Meetings Pro Tip: Don’t Let Go of Virtual Events Just Yet
Despite virtual events being less common before the pandemic, recent research shows that remote meetings are gaining in popularity—because more people have had a chance to try the experience.
Pandemic risks aside, your association may be ready to fully embrace in-person events once again.
But don’t let the desire to go back to the convention hall dissuade you from the progress that your organization has made with its virtual event offerings, both in full virtual and hybrid settings.
Despite the circumstances of the past couple of years, an ongoing virtual event strategy could be a long-term opportunity that outlives the pandemic.
What’s the Strategy?
A recent report from Kaltura found that, despite the slow return to in-person events, many event planners are looking closely at keeping virtual events going in 2022, with 94 percent of organizers saying that they still have virtual events on their schedule and 48 percent expecting to put on even more virtual events next year.
In a news release, Kaltura’s Executive Vice President of Product, Renan Gutman, noted that such events were sticking around because they have gained additional value for many organizations.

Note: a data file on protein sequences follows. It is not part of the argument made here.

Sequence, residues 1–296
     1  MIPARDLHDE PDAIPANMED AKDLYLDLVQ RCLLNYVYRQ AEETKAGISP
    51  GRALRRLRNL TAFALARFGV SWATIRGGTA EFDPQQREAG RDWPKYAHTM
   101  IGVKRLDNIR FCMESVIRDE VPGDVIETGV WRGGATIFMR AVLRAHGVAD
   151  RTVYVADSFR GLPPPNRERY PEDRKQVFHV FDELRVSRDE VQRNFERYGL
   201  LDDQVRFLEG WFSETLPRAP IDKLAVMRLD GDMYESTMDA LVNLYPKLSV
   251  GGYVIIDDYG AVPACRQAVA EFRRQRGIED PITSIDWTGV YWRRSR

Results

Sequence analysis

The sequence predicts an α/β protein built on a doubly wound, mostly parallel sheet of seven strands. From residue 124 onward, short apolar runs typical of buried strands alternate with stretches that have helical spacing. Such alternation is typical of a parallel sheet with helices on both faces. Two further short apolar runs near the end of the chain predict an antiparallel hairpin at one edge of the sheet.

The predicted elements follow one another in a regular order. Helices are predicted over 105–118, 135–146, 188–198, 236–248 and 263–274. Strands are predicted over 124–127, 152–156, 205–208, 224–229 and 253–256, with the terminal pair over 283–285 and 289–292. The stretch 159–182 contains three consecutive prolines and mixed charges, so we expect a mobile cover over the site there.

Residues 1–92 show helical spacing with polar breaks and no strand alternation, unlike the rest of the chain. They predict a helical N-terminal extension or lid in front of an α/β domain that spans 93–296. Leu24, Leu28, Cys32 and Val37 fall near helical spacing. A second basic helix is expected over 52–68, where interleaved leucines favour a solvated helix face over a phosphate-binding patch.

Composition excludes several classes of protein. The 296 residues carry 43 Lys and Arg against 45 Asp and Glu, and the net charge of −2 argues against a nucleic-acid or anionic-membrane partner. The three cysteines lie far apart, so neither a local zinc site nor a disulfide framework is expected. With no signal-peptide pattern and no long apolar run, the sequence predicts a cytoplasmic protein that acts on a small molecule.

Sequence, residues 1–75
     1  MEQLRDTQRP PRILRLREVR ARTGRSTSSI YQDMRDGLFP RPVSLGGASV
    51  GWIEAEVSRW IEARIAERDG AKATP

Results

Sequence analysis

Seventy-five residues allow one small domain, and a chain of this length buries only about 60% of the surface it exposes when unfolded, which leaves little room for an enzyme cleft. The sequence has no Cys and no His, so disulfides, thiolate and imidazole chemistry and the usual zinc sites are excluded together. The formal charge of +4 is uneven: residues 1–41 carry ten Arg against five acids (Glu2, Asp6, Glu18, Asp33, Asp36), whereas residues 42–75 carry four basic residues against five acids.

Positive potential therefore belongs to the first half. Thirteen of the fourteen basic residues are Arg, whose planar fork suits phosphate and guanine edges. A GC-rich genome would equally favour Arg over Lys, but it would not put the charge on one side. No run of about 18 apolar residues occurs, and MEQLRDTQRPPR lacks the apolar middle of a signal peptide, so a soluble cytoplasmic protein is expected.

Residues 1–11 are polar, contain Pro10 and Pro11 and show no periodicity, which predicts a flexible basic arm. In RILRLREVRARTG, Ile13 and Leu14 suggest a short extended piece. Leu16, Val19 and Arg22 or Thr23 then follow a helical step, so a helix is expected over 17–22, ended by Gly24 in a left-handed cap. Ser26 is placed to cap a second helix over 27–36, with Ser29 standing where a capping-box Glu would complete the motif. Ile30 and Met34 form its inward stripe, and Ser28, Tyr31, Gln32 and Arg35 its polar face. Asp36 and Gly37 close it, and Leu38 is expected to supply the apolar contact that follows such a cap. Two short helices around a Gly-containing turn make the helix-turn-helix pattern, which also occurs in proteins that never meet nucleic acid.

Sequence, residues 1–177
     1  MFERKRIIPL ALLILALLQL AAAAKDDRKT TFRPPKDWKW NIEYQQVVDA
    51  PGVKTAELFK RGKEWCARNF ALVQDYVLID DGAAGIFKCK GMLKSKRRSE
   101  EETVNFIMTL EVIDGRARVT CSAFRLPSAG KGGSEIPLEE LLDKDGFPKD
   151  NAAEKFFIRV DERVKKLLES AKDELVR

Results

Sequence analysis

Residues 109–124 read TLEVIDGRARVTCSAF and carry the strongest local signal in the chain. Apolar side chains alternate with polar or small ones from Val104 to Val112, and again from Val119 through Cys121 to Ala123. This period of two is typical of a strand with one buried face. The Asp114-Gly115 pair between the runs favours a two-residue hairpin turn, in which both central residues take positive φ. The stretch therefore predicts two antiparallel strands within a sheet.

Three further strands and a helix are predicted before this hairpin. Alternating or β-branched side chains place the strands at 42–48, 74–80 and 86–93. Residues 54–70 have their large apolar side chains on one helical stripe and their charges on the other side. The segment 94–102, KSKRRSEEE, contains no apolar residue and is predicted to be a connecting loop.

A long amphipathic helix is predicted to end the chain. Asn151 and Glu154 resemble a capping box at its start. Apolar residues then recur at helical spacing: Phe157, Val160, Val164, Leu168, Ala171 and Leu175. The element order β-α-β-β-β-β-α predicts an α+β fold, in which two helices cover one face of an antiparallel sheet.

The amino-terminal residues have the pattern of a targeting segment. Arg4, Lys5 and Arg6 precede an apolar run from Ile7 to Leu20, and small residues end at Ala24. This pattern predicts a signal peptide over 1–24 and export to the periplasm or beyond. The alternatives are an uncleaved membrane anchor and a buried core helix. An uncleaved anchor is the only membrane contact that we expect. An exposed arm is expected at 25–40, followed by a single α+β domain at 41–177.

“Virtual events don’t exist in a silo, they are part of the entire marketing funnel,” Gutman said. “It took time to make the shift, but the benefits have quickly become clear, and as a result, nearly half of organizations plan to host more digital events next year.”
Why Is It Effective?
Part of the reason virtual events might be showing sustained value is because more people have done them than in the past. The Kaltura report found that before the pandemic, just 45 percent of respondents had attended a virtual event. This quickly shifted after 2020, and now 87 percent of respondents are familiar with the format.
Attendees, additionally, found the experience enjoyable, with 73 percent of respondents approving of the experiences they had at the event. The result is that 84 percent of respondents now want to have the option to attend any event as a remote attendee.
What’s the Potential?
Virtual events obviously have their share of complexities (just ask any vendor trying to get a handle on the expo hall), but the truth of the matter is, it could be an opportunity to add additional educational offerings, including a more asynchronous approach to meetings that allows your organization to reach different types of content consumers than an in-person event might.
While virtual events don’t have all the bells and whistles of an in-person experience, they still have plenty to offer. And building for that experience could come in handy at a time when professional development is seen as a useful way to prevent burnout.
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